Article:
PITTSBURGH -- When Aristides "PJ" Aquino steps to the plate, he does so tall and confidently. As the opposing pitcher readies, he brings his bat up perpendicular to the ground and stares through it, as if he’s a golfer reading the break of a green or an archer lining up
PITTSBURGH -- When Aristides "PJ" Aquino steps to the plate, he does so tall and confidently. As the opposing pitcher readies, he brings his bat up perpendicular to the ground and stares through it, as if he’s a golfer reading the break of a green or an archer lining up his shot.
When Aquino swings the bat, the ball tends to go a long way and, for now, it tends to make history. He’s shattered record after record with a blaze of homers this season, and he etched another one in the record books in Friday’s 3-2 loss to the Pirates at PNC Park.
• Box score
After going a career-long four games without a homer, Aquino lifted No. 12 in his first at-bat off Pirates starter Mitch Keller. Even though Aquino’s blast flew a Statcast-projected 402 feet, the ball barely cleared the fence in right-center field, giving the Reds an early lead. But it put Aquino in the books. Again.
The list so far?
• Most home runs in an MLB player’s first 12, 14, 16, 17 and 22 games.
• Tied for most home runs in an MLB player’s first 20 games.
• First MLB rookie and first Reds player to homer in three consecutive innings.
Aquino is now just two homers shy of reaching the Reds’ franchise record of 14 home runs in a calendar month, set by Greg Vaughn and Hall of Famer Frank Robinson. He has nine games to get there.
On a team with star sluggers like Joey Votto and Eugenio Suárez, Aquino is holding down the No. 4 spot in the order, propelling the Reds almost every night.
“We’re asking a lot of him, and he’s really stepped up,” Cincinatti manager David Bell said. “Really, it just says a lot about who he is as a person and where he’s gotten to as a hitter.”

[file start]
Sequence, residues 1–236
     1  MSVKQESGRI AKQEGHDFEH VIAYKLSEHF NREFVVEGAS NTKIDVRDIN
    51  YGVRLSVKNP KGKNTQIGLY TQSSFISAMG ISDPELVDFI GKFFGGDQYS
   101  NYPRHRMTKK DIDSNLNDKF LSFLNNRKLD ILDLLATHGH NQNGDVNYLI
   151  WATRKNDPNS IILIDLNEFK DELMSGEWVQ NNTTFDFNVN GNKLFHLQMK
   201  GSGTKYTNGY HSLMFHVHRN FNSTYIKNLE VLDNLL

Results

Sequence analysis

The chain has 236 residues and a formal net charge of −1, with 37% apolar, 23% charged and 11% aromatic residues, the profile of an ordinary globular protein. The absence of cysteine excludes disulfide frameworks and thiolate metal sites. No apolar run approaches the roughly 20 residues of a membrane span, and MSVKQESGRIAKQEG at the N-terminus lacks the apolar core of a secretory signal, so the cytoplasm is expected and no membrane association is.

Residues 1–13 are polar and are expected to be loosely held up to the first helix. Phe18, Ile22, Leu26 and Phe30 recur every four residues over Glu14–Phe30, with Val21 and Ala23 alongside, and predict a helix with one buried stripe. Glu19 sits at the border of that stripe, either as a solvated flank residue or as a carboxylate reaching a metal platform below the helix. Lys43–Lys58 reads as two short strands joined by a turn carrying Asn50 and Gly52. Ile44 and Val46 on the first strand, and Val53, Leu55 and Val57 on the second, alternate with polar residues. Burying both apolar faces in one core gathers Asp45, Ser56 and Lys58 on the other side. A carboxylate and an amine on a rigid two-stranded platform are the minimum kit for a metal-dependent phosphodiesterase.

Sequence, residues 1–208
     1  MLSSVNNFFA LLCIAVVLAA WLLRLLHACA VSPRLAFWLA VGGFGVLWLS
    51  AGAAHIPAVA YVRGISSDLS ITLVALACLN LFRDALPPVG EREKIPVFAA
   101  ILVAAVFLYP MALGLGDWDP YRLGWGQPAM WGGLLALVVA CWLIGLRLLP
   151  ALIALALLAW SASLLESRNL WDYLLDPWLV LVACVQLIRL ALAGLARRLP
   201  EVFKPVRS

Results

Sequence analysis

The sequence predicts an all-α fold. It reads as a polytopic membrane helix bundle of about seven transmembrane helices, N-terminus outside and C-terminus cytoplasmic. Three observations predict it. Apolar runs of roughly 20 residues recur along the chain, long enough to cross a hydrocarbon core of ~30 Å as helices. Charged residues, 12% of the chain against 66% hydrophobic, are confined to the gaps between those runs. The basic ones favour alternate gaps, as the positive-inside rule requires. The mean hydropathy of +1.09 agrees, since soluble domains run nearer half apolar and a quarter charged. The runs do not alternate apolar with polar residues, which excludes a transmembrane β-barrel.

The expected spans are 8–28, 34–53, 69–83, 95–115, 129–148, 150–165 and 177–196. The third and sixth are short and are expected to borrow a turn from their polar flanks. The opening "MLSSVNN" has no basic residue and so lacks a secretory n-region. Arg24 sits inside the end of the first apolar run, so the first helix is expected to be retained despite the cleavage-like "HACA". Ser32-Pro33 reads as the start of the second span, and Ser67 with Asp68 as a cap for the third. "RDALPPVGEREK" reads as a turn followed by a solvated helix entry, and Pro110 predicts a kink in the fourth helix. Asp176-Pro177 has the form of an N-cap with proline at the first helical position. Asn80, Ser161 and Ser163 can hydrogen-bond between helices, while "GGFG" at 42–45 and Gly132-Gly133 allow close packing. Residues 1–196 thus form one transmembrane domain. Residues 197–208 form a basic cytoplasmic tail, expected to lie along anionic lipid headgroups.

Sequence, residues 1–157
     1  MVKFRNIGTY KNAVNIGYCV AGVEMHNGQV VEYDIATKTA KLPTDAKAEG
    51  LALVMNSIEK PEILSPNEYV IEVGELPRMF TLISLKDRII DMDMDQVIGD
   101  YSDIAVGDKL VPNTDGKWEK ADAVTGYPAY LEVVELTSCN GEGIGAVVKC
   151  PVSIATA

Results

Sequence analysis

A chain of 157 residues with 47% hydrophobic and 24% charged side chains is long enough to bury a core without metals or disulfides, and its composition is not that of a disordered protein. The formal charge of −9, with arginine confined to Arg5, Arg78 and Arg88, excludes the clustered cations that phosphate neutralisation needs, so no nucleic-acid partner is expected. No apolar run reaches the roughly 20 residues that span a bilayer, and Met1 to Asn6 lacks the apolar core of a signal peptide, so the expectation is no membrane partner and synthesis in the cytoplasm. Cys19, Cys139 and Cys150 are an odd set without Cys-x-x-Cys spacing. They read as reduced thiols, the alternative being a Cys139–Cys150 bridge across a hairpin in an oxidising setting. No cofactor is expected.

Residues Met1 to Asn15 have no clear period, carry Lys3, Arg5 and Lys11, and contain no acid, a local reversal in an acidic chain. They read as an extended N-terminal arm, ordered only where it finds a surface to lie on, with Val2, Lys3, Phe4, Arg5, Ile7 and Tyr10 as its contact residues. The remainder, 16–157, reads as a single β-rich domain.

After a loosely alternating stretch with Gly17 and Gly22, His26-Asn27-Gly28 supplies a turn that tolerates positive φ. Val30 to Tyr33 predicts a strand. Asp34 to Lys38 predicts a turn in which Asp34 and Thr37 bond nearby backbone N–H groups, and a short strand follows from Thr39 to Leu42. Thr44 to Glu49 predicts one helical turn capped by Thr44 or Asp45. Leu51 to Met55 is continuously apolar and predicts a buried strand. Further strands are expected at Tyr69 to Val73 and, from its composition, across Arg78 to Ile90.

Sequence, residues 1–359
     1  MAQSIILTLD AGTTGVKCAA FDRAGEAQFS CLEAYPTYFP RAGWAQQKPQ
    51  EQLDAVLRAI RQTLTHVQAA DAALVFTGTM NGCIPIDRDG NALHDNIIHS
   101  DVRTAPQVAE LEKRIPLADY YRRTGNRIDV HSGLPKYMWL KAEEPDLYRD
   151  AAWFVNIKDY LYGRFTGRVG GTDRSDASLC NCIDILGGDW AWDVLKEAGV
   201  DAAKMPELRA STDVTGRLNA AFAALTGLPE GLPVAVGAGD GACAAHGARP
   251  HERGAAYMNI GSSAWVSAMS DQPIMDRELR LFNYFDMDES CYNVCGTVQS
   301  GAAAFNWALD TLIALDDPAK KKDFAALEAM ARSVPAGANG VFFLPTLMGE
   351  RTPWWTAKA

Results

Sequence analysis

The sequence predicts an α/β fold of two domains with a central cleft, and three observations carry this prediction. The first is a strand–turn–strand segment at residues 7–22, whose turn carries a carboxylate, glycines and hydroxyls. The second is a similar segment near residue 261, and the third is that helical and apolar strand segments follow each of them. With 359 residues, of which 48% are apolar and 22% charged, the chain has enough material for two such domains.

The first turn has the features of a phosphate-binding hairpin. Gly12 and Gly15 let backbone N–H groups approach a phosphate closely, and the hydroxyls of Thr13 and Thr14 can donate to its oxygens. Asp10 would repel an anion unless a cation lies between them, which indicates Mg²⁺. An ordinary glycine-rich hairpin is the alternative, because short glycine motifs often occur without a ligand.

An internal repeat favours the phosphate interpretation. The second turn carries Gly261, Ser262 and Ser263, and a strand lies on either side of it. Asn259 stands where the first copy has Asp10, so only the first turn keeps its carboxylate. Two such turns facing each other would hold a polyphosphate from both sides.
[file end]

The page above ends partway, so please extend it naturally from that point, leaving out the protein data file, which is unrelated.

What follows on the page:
Bell saw another building block put in place in Aquino’s approach with the homer on Friday. The 25-year-old sat on a hard-breaking curveball from Keller, then laid into a slider -- an offering that generated 10 whiffs and five strikeouts -- that nicked the bottom of the strike zone.
“That’s impressive, when you can do it off a good pitcher in that situation, when they make their pitch,” Bell said. “It just says so much about where he is right now as a hitter.”
The expected regression for a red-hot rookie just refuses to come for Aquino, who has a .338 batting average and .873 slugging percentage, but he said he’s beginning to see signs of pitchers taking notice.
“To be honest, I just try to have a good at-bat,” Aquino said through an interpreter. “I know they’re going to kind of pitch me, move around those pitches [to make it] uncomfortable, but the only thing that I can control is to put a good swing on the ball.”
Even opponents can be stumped by what to do next, especially when he collects a three-hit day like he did Friday. Said Pirates manager Clint Hurdle, “We’ll try to find a way to pitch him better as the series continues.”
The other thing that Aquino can control is his demeanor: the way he carries himself, the way he prepares for games and the effort level he shows. He’s checked off all those boxes for his manager.
“That’s what’s allowed him to keep this going now, since he’s been here,” Bell said. “He got off to the great start, hitting the home runs, but just his mature approach and his demeanor. He’s very confident at the plate.”
That confidence brimmed over in the eighth, as Aquino drew a full count with two outs and a runner on second against Keone Kela, one of the Pirates’ premier setup relievers. On the fourth curveball he saw from Kela, Aquino turned and drove it into the left-field corner for a go-ahead run at the time.
“I think those are the moments that make a player a really good player,” Aquino said, “those moments where it’s clutch, clutch at-bat, and I really enjoy those at-bats.”
Though that lead didn’t stand up due to Raisel Iglesias’ four-hit outing in a span of 12 pitches, the final of which allowed Pablo Reyes to walk the game off for the Pirates, Aquino showed again why the Reds consider him such a big part of their future. Whether or not the team can make a late-season streak down the stretch, his development is a huge key for the club.
“His approach is really solid,” Bell said, “so we’ll keep continuing to challenge him.”
Jake Crouse is a reporter/editor for MLB.com based in Pittsburgh. Follow him on Twitter @JakeCrouseMLB.